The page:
Now that both iOS 9 and the iPhone 6s are out, we’re seeing a noticeable bump in iPhone users searching for reasons why their older iPhone models suddenly feel slower. In fact, history teaches us that “iPhone slow” is one of the most popular searches around new iPhone and iOS launches and it happens every year.

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Conspiracy theories have claimed that Apple intentionally makes iPhones feel slower as they age so that buyers upgrade to the latest model. That’s certainly not so, but what’s very clear is that the older the device, the less likely it is to offer performance on par with the latest hardware.

Apple is trying its best to make iOS 9 run smoothly on devices as old as the iPhone 4s and iPad 2 (both launched in 2011), as this gives it a major advantage over Google when it comes to upgrades. But the fact is that older devices will be slower than the latest models only because they’re packing hardware that used to be at flagship status when they were launched.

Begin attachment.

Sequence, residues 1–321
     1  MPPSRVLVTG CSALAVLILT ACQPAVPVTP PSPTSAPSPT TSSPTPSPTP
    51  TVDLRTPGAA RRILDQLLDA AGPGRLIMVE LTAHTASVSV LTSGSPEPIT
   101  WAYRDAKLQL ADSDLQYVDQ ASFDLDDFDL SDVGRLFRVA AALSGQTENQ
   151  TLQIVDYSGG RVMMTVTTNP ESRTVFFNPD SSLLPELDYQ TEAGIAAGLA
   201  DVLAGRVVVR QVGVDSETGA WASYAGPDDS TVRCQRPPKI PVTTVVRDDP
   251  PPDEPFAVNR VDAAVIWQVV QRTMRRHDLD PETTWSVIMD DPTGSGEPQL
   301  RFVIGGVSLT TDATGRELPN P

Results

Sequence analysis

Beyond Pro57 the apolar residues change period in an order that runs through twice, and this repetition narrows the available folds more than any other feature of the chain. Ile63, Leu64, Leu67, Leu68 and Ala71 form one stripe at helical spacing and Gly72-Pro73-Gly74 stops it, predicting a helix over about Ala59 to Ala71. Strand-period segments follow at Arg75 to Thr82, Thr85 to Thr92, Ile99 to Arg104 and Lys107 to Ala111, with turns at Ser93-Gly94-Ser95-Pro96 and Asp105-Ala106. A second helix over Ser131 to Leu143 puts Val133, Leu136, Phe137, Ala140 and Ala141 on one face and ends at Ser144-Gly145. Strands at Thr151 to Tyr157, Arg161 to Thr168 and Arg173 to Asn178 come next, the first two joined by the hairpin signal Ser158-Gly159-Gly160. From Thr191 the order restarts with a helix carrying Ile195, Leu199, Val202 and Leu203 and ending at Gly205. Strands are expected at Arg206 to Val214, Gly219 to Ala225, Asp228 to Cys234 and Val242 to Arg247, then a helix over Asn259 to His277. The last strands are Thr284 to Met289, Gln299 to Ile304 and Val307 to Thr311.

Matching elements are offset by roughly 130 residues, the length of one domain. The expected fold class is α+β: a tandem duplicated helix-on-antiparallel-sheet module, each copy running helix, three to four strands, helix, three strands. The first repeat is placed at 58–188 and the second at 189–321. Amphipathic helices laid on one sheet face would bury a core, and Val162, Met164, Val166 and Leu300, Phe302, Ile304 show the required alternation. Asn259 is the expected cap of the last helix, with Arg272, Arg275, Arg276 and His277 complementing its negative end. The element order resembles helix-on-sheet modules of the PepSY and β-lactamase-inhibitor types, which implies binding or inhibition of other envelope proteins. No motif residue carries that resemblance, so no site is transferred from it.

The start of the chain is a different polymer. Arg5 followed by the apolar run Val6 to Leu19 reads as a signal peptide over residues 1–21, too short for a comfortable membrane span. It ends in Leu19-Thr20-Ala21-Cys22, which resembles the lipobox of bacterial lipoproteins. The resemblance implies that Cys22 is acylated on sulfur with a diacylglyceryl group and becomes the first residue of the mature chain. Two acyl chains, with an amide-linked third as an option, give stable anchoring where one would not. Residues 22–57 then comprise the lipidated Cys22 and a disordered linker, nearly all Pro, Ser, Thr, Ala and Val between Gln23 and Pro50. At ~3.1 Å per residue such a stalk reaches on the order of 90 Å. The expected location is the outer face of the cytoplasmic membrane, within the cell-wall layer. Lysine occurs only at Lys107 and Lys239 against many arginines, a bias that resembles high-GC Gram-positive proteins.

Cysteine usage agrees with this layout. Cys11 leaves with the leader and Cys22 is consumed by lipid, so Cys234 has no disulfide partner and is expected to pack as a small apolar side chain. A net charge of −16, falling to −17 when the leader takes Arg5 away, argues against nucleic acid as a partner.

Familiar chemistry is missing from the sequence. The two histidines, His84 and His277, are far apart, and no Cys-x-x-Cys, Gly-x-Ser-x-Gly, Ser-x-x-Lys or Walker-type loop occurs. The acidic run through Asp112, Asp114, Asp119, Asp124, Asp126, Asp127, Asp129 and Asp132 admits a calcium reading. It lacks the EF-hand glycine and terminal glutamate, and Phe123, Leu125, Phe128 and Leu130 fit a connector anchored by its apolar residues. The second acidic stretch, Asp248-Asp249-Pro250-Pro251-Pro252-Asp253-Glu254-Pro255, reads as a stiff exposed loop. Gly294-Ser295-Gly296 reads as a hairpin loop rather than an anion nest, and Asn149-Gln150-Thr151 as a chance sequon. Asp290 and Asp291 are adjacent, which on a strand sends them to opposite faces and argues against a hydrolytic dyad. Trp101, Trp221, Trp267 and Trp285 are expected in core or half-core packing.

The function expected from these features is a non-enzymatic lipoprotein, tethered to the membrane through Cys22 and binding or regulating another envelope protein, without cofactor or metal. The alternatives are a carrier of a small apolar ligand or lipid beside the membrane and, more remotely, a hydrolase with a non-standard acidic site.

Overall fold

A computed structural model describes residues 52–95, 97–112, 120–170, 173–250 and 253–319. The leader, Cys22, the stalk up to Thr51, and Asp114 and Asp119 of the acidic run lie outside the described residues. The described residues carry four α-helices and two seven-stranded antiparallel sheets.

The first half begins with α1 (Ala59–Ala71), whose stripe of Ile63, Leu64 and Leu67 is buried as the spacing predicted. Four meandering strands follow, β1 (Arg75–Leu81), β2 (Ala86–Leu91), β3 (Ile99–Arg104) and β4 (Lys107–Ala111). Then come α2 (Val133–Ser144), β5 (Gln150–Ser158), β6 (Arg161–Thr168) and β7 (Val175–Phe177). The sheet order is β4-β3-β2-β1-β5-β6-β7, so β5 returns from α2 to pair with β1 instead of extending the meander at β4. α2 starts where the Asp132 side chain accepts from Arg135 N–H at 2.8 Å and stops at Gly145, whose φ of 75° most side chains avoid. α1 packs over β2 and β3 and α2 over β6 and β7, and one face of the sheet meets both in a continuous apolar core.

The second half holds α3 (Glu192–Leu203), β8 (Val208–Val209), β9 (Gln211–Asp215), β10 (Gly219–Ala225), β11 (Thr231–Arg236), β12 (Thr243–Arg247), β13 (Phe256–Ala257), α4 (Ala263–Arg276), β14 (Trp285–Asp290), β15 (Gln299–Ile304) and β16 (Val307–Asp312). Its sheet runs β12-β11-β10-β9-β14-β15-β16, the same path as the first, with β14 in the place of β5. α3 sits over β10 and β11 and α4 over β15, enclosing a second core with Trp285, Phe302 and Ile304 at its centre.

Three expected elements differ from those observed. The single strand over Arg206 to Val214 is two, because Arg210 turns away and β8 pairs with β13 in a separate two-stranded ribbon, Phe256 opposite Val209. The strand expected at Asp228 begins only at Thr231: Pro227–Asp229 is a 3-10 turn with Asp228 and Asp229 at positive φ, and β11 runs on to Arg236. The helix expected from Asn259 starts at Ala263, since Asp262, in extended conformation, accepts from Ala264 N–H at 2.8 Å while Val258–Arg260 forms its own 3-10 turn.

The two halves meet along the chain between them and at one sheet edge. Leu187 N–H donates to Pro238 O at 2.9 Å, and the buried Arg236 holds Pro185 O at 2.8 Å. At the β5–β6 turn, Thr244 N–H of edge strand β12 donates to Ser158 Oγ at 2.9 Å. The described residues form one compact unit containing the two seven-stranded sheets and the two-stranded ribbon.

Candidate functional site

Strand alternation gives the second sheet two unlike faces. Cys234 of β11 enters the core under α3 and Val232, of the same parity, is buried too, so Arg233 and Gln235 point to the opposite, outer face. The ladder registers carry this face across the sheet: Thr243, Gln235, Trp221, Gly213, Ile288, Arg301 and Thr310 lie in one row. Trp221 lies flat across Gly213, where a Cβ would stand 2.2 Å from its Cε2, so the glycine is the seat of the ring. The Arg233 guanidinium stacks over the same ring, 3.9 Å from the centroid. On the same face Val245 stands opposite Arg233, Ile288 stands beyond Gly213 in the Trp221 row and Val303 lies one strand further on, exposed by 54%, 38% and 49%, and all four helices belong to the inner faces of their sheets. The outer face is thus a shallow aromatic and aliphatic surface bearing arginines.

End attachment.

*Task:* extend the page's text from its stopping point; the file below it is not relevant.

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Data gathered by Statista shows that “slow iPhone” is a search term that peaks in popularity when a new iPhone is released (see graph above), proving that people are indeed worried that their aging devices might behave slower than before, following a major iOS update.

Now that the iPhone 6s series is out, complete with a major iOS release, the “slow iPhone” search is returning to peak levels, the graph shows. The company says there are two possible explanations for the “slow iPhone” feeling, one being psychological, and the second being related to an iOS upgrade.

Comparisons between iOS 9 and iOS 8.4.1 have shown that iOS 9 can be slower than its predecessors in some tests, and faster in others. Again, the newer the iPhone, the better iOS 9 experience it can offer.

The chart illustrates that the “slow iPhone” worry seems to dissipate over time, suggesting that either people get used to the new experience, or that Apple can improve the speed of the iPhone in subsequent minor updates. Apple is working on iOS 9.1 as we speak, which should bring over several performance improvements once it’s ready for mass consumption.

Chris Smith started writing about gadgets as a hobby, and before he knew it he was sharing his views on tech stuff with readers around the world. Whenever he's not writing about gadgets he miserably fails to stay away from them, although he desperately tries. But that's not necessarily a bad thing.